[openstack-dev] [cross-project] [all] Quotas and the need for reservation

Andrew Laski andrew at lascii.com
Tue Apr 12 13:48:29 UTC 2016

On Tue, Apr 5, 2016, at 09:57 AM, Ryan McNair wrote:
> >It is believed that reservation help to to reserve a set of resources
> >beforehand and hence eventually preventing any other upcoming request
> >(serial or parallel) to exceed quota if because of original request the
> >project might have reached the quota limits.
> >
> >Questions :-
> >1. Does reservation in its current state as used by Nova, Cinder, Neutron
> >help to solve the above problem ?
> In Cinder the reservations are useful for grouping quota
> for a single request, and if the request ends up failing
> the reservation gets rolled back. The reservations also
> rollback automatically if not committed within a certain
> time. We also use reservations with Cinder nested quotas
> to group a usage request that may propagate up to a parent
> project in order to manage commit/rollback of the request
> as a single unit.
> >
> >2. Is it consistent, reliable ?  Even with reservation can we run into
> >in-consistent behaviour ?
> Others can probably answer this better, but I have not
> seen the reservations be a major issue. In general with
> quotas we're not doing the check and set atomically which
> can get us in an inconsistent state with quota-update,
> but that's unrelated to the reservations.
> >
> >3. Do we really need it ?
> >
> Seems like we need *some* way of keeping track of usage
> reserved during a particular request and a way to easily
> roll that back at a later time. I'm open to alternatives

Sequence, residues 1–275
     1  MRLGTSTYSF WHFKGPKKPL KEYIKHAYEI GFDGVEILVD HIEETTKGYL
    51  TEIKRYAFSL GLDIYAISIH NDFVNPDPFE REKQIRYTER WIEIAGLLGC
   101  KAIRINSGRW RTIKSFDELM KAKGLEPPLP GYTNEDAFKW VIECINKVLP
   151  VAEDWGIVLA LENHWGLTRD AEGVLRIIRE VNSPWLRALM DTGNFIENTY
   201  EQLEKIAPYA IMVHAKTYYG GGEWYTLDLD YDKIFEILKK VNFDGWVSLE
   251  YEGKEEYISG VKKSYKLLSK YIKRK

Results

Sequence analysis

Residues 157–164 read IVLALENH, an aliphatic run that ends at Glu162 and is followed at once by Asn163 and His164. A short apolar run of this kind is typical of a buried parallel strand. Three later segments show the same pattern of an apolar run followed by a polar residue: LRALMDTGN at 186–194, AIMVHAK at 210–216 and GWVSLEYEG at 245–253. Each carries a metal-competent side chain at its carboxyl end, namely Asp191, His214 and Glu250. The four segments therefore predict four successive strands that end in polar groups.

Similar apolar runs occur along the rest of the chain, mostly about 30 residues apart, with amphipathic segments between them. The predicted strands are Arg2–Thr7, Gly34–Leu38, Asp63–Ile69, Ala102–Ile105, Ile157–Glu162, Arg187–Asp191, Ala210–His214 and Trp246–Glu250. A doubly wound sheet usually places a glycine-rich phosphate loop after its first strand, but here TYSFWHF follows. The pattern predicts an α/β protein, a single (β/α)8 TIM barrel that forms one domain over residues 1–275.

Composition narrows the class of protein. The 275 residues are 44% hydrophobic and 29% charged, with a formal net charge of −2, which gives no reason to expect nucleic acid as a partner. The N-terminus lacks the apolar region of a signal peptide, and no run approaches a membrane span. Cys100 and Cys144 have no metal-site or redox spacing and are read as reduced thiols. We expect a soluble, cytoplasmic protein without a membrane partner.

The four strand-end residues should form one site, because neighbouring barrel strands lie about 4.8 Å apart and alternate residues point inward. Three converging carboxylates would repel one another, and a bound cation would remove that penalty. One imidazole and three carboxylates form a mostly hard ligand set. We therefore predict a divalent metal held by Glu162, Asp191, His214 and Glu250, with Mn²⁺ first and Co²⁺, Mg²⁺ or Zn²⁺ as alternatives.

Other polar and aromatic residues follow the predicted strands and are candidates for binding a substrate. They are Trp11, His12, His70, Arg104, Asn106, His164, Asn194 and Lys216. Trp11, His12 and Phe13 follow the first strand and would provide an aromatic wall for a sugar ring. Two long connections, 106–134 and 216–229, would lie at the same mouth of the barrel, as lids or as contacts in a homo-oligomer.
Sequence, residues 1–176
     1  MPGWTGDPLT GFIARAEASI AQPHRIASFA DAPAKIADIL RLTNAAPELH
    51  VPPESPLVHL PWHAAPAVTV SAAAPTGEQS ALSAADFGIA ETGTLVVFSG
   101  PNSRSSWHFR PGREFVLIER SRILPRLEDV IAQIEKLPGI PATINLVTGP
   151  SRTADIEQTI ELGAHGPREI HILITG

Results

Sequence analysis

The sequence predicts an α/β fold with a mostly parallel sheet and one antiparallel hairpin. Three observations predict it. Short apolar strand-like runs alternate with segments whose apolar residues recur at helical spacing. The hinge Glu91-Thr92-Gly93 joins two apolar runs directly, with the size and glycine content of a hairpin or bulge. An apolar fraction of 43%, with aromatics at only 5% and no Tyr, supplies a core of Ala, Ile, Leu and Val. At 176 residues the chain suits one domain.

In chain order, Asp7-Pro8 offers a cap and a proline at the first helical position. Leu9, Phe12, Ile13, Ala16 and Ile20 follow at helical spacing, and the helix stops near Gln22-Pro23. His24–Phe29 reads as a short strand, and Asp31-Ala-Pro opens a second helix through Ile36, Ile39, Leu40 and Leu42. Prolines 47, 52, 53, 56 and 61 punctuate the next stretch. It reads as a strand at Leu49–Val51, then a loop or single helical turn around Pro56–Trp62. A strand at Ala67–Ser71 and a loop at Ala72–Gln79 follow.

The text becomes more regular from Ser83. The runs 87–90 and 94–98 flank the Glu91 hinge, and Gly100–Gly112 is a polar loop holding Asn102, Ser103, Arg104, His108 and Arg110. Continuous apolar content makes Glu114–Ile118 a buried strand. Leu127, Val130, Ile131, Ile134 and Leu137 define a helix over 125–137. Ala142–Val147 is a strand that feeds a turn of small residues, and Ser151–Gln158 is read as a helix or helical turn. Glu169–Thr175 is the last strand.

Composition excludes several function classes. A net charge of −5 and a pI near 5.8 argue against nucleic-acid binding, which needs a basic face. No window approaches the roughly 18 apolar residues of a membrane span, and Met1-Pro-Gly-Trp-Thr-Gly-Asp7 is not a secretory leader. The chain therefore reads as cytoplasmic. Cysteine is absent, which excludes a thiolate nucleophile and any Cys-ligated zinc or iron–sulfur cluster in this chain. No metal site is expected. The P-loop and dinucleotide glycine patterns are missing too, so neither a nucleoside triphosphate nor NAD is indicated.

> to reservations, just wondering what the big downside of
> the current reservation system is.

Jay goes into it a little bit in his response to another quota thread
and I share his thoughts here.

With a reservation system you're introducing eventual consistency into
the system rather than being strict because reservations are not tied to
a concrete thing. You can't do a point in time check of whether the
reserved resources are going to eventually be used if something happens
like a service restart and a request is lost. You have to have no
activity for the duration of the expiration time to let things settle
before getting a real view of quota usages.

Instead if you tie quota usage to the resource records then you can
always get a view of what's actually in use.

One thing that should probably be clarified in all of these discussion
is what exactly is the quota on. I see two answers: the quota is against
the actual resource usage, or the quota is against the records tracking
usage. Since we currently track quotas with a reservation system I think
it's fair to say that we're not actually tracking against resource like
disk/RAM/CPU being in use. I would consider the resource to be in use as
soon as there's a db record for something like an instance or volume
which indicates that there will be consumption of those resources. What
that means in practice is that quotas can be committed right away and
there doesn't seem to be any need for a reservation system.

> - Ryan McNair (mc_nair)
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